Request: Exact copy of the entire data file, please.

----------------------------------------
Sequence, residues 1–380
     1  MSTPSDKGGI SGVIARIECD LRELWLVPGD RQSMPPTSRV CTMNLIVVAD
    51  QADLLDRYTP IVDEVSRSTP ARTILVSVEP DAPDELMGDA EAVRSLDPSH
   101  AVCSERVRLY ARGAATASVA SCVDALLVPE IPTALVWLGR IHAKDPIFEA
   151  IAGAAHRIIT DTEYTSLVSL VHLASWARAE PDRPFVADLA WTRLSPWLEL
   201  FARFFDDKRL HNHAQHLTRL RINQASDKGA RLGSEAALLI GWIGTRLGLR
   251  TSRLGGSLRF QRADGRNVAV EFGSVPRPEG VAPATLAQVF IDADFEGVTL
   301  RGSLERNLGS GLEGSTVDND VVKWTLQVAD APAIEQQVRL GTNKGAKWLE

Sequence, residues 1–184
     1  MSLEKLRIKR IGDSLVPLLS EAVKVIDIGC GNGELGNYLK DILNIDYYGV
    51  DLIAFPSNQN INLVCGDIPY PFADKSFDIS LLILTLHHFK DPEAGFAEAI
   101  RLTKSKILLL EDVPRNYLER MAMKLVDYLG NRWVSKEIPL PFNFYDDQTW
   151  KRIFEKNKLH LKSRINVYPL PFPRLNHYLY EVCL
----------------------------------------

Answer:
Sequence, residues 1–380
     1  MSTPSDKGGI SGVIARIECD LRELWLVPGD RQSMPPTSRV CTMNLIVVAD
    51  QADLLDRYTP IVDEVSRSTP ARTILVSVEP DAPDELMGDA EAVRSLDPSH
   101  AVCSERVRLY ARGAATASVA SCVDALLVPE IPTALVWLGR IHAKDPIFEA
   151  IAGAAHRIIT DTEYTSLVSL VHLASWARAE PDRPFVADLA WTRLSPWLEL
   201  FARFFDDKRL HNHAQHLTRL RINQASDKGA RLGSEAALLI GWIGTRLGLR
   251  TSRLGGSLRF QRADGRNVAV EFGSVPRPEG VAPATLAQVF IDADFEGVTL
   301  RGSLERNLGS GLEGSTVDND VVKWTLQVAD APAIEQQVRL GTNKGAKWLE

Sequence, residues 1–184
     1  MSLEKLRIKR IGDSLVPLLS EAVKVIDIGC GNGELGNYLK DILNIDYYGV
    51  DLIAFPSNQN INLVCGDIPY PFADKSFDIS LLILTLHHFK DPEAGFAEAI
   101  RLTKSKILLL EDVPRNYLER MAMKLVDYLG NRWVSKEIPL PFNFYDDQTW
   151  KRIFEKNKLH LKSRINVYPL PFPRLNHYLY EVCL